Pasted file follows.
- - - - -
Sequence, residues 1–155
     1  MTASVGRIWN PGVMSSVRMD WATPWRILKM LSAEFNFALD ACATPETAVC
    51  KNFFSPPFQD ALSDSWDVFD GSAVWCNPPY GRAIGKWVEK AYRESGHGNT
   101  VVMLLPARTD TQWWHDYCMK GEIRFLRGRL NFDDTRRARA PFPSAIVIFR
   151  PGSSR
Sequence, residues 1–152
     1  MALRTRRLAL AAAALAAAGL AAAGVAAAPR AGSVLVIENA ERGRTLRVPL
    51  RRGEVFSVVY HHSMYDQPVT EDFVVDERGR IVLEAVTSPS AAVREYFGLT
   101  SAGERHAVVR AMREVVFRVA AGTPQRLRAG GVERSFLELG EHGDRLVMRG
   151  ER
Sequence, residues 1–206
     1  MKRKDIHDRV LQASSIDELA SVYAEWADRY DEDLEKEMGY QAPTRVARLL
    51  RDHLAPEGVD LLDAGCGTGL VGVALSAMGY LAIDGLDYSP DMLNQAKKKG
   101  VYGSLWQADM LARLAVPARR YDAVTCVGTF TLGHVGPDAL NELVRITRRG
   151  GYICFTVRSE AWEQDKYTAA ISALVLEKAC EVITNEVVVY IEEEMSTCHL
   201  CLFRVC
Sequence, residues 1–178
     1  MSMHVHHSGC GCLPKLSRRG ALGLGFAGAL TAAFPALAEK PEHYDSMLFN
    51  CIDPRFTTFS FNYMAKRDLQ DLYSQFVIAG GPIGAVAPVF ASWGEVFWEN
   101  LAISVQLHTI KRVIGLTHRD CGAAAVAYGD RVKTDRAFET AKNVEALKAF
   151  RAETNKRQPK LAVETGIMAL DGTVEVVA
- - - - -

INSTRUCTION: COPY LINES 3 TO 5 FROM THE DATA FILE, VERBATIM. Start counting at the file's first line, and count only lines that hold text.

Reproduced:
    51  KNFFSPPFQD ALSDSWDVFD GSAVWCNPPY GRAIGKWVEK AYRESGHGNT
   101  VVMLLPARTD TQWWHDYCMK GEIRFLRGRL NFDDTRRARA PFPSAIVIFR
   151  PGSSR